If you use Instagram, Facebook or Snapchat, it’s likely your feed is full of photos of your friends with filters applied.
Whether it’s pouty lips, razor-sharp cheekbones or a pointy nose, these filters use augmented reality to show what your face and body would look like with drastic modifications.
While the filters are hugely popular, a new survey has warned that they have a negative impact on a third of social media users’ self-esteem.
What’s more, a quarter say using the filters has warped their perception of what they look like to the extent they are shocked when they see unedited photos.
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While beauty filters are hugely popular, a new survey has warned that they have a negative impact on a third of social media users’ self-esteem (stock image)
How people feel about beauty filters
According to the survey of 2,069 respondents:
- 20 per cent no longer post photos on social media without a filter
- 37 per cent prefer their filtered face to their real face
- 30 per cent say that using filters has had a negative impact on their self-esteem
- 38 per cent say that the reason they use filters so much is to improve their skin texture
- 23 per cent say that using filters has warped their perception of what they look like, to the point where it shocks them when they see images of their unfiltered face
The survey, by Uvence, asked 2,069 respondents how they feel about filters on social media.
A fifth said they now no longer post photos on social media without using editing tools that get rid of wrinkles, spots and stretch marks.
Meanwhile, 37 per cent said they prefer their filtered face to their real face.
Cosmetic surgeon Dr Olivier Amar, chief marketing officer for Uvence, said: ‘Since the beginning of the pandemic, practitioners and surgeons in the cosmetic industry have noticed a spike in patient demand for treatments.
‘This increasing interest is from existing patients as well as individuals who have never previously considered cosmetic procedures before.
‘In consultations with patients, one of my main priorities is to ensure that they are seeking treatment for the right reasons.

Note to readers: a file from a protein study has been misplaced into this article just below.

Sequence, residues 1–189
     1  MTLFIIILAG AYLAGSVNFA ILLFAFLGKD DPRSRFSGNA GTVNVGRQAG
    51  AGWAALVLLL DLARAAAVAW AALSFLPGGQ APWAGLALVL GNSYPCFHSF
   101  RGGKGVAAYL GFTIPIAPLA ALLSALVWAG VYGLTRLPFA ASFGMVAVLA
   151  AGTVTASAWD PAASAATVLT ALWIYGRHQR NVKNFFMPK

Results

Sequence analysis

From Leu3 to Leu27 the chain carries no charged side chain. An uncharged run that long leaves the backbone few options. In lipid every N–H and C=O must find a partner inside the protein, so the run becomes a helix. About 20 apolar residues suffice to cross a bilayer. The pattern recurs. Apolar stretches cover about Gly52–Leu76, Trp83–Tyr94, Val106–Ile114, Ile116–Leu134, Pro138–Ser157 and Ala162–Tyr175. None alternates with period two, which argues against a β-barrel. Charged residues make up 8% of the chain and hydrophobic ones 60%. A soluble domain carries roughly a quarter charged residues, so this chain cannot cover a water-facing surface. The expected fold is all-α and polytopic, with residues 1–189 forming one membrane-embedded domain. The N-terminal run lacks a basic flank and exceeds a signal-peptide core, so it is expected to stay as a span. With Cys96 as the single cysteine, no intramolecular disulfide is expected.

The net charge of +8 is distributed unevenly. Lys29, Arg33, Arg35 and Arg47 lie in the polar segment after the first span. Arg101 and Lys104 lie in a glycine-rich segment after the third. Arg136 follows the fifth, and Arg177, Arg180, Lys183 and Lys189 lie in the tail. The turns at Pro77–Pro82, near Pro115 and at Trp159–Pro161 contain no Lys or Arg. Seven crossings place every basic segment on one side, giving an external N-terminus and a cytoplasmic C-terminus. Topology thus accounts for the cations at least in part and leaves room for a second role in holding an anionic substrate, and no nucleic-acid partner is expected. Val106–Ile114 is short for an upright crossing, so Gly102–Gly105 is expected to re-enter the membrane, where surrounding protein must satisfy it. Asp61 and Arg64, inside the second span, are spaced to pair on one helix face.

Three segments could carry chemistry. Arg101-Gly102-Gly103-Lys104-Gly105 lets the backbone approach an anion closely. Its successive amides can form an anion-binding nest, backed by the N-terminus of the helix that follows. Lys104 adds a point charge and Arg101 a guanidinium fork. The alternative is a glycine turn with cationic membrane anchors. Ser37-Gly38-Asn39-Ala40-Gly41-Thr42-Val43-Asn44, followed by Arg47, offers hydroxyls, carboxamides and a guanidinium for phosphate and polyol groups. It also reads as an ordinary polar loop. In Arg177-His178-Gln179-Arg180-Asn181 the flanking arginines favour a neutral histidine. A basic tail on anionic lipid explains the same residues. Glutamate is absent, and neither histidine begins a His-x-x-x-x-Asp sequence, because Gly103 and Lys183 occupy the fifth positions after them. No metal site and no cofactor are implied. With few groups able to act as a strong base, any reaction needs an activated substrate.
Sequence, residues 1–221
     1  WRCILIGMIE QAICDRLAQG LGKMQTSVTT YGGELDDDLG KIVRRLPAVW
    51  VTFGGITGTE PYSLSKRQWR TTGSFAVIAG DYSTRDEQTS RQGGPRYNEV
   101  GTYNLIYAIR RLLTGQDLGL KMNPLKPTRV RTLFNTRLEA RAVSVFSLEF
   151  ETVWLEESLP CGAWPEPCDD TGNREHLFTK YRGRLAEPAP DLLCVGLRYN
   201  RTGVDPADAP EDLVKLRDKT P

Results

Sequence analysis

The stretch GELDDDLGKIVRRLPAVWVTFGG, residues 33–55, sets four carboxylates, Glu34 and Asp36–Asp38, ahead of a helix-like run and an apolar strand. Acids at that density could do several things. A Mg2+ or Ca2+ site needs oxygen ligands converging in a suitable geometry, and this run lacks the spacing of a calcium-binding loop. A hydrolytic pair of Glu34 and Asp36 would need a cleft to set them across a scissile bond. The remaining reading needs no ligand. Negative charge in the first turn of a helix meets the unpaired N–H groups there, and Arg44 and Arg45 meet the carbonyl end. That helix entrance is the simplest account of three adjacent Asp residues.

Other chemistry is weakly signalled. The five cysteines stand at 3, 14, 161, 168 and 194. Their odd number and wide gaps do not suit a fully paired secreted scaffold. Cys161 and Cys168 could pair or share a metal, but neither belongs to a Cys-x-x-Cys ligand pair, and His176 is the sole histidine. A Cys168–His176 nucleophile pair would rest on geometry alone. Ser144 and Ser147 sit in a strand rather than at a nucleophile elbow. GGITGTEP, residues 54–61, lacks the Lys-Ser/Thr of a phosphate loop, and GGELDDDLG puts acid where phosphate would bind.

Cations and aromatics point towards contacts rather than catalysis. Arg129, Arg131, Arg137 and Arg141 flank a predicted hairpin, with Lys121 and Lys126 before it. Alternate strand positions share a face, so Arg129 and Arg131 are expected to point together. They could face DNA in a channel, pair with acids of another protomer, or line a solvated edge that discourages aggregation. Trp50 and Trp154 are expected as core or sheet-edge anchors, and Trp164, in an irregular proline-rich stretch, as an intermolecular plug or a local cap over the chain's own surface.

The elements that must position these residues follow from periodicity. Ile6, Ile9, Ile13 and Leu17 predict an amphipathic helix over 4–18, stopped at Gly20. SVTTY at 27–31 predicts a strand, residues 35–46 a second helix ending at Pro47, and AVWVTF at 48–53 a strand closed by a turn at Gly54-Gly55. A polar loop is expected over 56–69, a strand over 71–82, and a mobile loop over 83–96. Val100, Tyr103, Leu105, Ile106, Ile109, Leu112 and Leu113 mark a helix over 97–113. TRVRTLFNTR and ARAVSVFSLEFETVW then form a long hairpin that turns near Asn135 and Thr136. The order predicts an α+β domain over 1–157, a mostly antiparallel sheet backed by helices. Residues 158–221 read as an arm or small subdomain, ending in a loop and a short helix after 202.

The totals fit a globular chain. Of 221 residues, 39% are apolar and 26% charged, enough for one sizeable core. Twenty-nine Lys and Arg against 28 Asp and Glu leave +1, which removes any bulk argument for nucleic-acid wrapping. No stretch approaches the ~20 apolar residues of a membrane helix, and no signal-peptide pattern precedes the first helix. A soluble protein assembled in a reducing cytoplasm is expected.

‘It is easy for us to become consumed by social media – whether that be through filters or by comparing ourselves to others – and so taking your time to decide whether surgery is right for you is very important.’
The study comes after Norway announced legislation that would make it illegal for influencers to post modified photos without declaring what they’ve done.
Beauty filters are automated photo editing tools that use artificial intelligence to detect facial features and tweak them to what the creator believes is the ideal.
They are hugely popular with millions of users on Snapchat, Instagram, and TikTok – but have come under fire for the damage they are doing to young people’s body confidence.
Research by the Girlguiding charity last year found half of girls aged 11 to 16 regularly use apps or filters to make themselves look better.
Influencer Faye Dickinson, 28, from east London has called on social media apps to ban photo filters or have an age restriction for over 18s only.
Influencer Faye Dickinson created the popular Instagram filter ‘Filter vs Reality’ which uses a split-screen effect to show the difference between edited and unedited photos
She told the Mail: ‘The problem with these filters is you see a side of yourself with dramatic filters that don’t exist, which corresponds to an unnatural and inhuman ideal of beauty that you can now achieve with filters.
‘It’s the unhealthy obsession we all have with that perfect look.’
Actress and model Jameela Jamil posted to her 3.4m followers in April: ‘Plastic surgeons say that kids, and now many adults bring in these filtered pictures of themselves and ask to be made to look like them.
‘Remember that every second we spend distracted by unrealistic/damn near impossible beauty standards, are seconds we aren’t spending on developing our minds, happiness, careers and lives.’
If you use Instagram, Facebook or Snapchat, it’s likely your feed is full of photos of your friends with filters applied. Pictured: Kylie Jenner with an Instagram filter to enhance her eyes
Ms Dickinson created the popular Instagram filter ‘Filter vs Reality’ which uses a split-screen effect to show the difference between edited and unedited photos.
She said: ‘It’s easy to feel insecure, seeing how so much of the content we consume daily is filtered and photoshopped, and everyone looks picture-perfect.
‘Don’t let these filters fool you; you’re unique, beautiful, strong, powerful, loved and worthy without any filter.’
Using filters on selfies results in FEWER likes
Using filters on your selfies will not increase the number of likes they get on Instagram but showing off your job or hobby could give them a boost.
Researchers from Rowan University in New Jersey examined a range of selfies publicly posted to the Facebook-owned social media platform.
They found that using photo filters in selfies actually led to fewer likes from other users compared to unfiltered images.
Paper author, Dr Seoyeon Hong said excessive use of filters and a desire to present only your positive side put people off from clicking like or engaging generally.
‘The number of likes was lower for selfies posted with filters, such as stickers or excessive use of colour filters compared to selfies without such filters’, she said.